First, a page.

Whatever the reason you want to use a VPN, whether it’s for added security, or to get an online service that’s limited to certain countries, you may find that the device you want to connect doesn’t provide the functionality. Such as an Xbox.
But using your router to establish the VPN tunnel will make it automatic and transparent to all of your connected devices. Which will anonymize all traffic from your ISP, or make Netflix think you’re connecting from the right side of the border.
This is a guide that will attempt to document the steps I took to connect my router to a VPN service.
I personally use Private Internet Access, so this guide will be specific to them, although a couple tweaks should allow this to work with any OpenVPN compatible service.
- A router with OpenWRT installed
- A Private Internet Access account
- WinSCP installed (for transferring the config files onto your router)
- Putty installed (for testing the openvpn connection)
Guides and References I Used
- Private Internet Access official guide for connecting through OpenVPN in DD-WRT – Link
- OpenVPN official howto – Link
- A helpful forum post in the OpenWRT forums. The user had similar frustrations to me with existing guides. – Link
- HideMyAss Wiki article for connecting to OpenVPN through OpenWRT (Most Helpful) – Link
- List of Free and Public DNS Servers – Link
Add OpenVPN to OpenWRT:
1. Log into your OpenWRT admin console, and navigate to “System -> Software” as seen below:
2. Get the latest list of available software by clicking “Update lists”:
3. Click on “Available packages”:
4. Type “openvpn” in the filter and look for exactly that in the packages list that returns:
5. Install it.
Edit: Missing Steps!
Readers have mentioned that something seemed missing, as a successful connection in the router didn’t seem to translate to the devices connected to the router. So, I set up two virtual machines – one running OpenWRT and one running Ubuntu, which would connect through the OpenWRT VM – and discovered that the missing steps involve setting up the new interface for the VPN connection.
The below steps (5.1+) are the missing steps.
5.1 Navigate to Network -> Interfaces, and click “Add New Interface”
5.2 Use the settings:
- Name -> tun0
- Protocol -> unmanaged
- Bridge? -> unchecked
- Cover which interfaces? -> custom: “tun0”
5.2b Hit submit
5.3 In the common config of your new interface, go to Firewall Settings, and set it to wan. Then save the settings.
Private Internet Access OpenVPN config files:
6. Download the official config files from here: link.
7. Use WinSCP to connect to your router:
— a. Use the protocol “SCP”
— b. Use your same root credentials that you use to log into LuCI (your OpenWRT admin page)
8. Navigate to /etc/openvpn/ and copy the following files into that directory (out of the config zip you downloaded from Private Internet Access):
– a. ca.crt
– b. crl.pem
– c. (optional) an ovpn file for the destination you choose to connect to.
Above, step C was optional because we can specify the server as part of the startup command later in this process. But you will still want an ovpn configuration file. I took one of the location specific ones and simply removed the server and port from it, creating a type of generic configuration file I can reuse if I want to connect to different parts of the world.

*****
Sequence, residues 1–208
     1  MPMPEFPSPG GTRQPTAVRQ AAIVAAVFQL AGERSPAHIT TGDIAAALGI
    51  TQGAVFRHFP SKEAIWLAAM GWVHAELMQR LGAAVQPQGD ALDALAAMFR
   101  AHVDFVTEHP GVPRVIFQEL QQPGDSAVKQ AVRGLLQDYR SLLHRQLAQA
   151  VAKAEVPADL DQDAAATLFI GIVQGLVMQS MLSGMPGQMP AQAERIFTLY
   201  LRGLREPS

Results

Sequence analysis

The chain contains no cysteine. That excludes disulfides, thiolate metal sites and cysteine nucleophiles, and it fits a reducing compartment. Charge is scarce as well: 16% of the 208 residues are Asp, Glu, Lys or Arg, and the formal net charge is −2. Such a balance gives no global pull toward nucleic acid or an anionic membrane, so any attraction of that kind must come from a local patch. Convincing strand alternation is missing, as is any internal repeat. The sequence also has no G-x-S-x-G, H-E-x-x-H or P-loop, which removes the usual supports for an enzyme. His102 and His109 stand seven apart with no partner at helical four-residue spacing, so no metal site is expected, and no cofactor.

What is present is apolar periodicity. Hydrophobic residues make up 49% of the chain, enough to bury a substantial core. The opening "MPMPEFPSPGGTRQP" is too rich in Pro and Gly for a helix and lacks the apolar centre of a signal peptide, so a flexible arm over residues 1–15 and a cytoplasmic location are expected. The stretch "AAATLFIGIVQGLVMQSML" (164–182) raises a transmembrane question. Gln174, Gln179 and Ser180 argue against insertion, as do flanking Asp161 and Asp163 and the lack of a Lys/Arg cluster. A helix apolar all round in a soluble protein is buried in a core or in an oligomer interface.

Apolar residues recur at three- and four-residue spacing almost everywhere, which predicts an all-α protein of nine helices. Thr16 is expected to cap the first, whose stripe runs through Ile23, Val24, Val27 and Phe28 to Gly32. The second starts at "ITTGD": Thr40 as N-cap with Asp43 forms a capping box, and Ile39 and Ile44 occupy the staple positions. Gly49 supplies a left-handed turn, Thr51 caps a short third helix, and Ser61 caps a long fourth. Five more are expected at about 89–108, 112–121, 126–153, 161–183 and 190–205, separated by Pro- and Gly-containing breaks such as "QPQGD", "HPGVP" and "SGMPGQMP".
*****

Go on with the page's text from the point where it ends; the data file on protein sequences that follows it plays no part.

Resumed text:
I also added the option “keepalive 10 120” to it after I was experiencing some connection issues, which seemed to help.
So in the end, this is the contents of my “generic-pia.ovpn” OpenVPN config file:
keepalive 10 120
8a. Create a file called “auth” which is also located in “/etc/openvpn/” with the following format:
Which will give you this, as a recap:
Test VPN Through Putty:
9. Open Putty and connect to your router, then navigate to /etc/openvpn and run the following command:
/usr/sbin/openvpn --cd /etc/openvpn --config /etc/openvpn/generic-pia.ovpn --remote ca-toronto.privateinternetaccess.com 1194
If all goes well you should see this in the output, indicating a successful vpn connection from your router to PIA:
Sun Jul 27 14:11:06 2014 Initialization Sequence Completed
But, I bet if you open up a web browser, you can’t navigate the web. This is a DNS issue.
Set Your Own DNS Servers:
10. Resolving the DNS issue is fairly straightforward in OpenWRT, as it has a spot where you can specify your own. To find a list of free public DNS servers, refer to this page.
Once you have picked the DNS server(s) you would like to use, open up your router’s admin page and navigate to Network -> DHCP and DNS, and place the IP addresses there. Like so:
Click save and apply, and then restart the VPN connection, you should now be able to navigate the web through your VPN tunnel.
Note: You can test this by using a website such as http://whatismyipaddress.com/. Check the IP location matches the location of the server you chose.
Set VPN to Auto Start with Your Router:
11. The final step is to configure the VPN to automatically start up with your router. So that you don’t have to open up putty and reissue the command every time your router reboots.
Navigate to System -> Startup and look near the bottom for “Local Startup”. Which is basically a place for you to enter commands you want the router to execute on boot. This is what I have in that spot:
# Put your custom commands here that should be executed once
# the system init finished. By default this file does nothing.
# VPN custom init
# Ensure only one VPN connection is made.
/usr/sbin/openvpn --cd /etc/openvpn --daemon --config /etc/openvpn/generic-pia.ovpn --remote ca-toronto.privateinternetaccess.com 1194 &
Reboot your router, and test to see that you still can browse the web, and that your IP location is in the right spot. Hopefully all went according to plan and you’re good to go.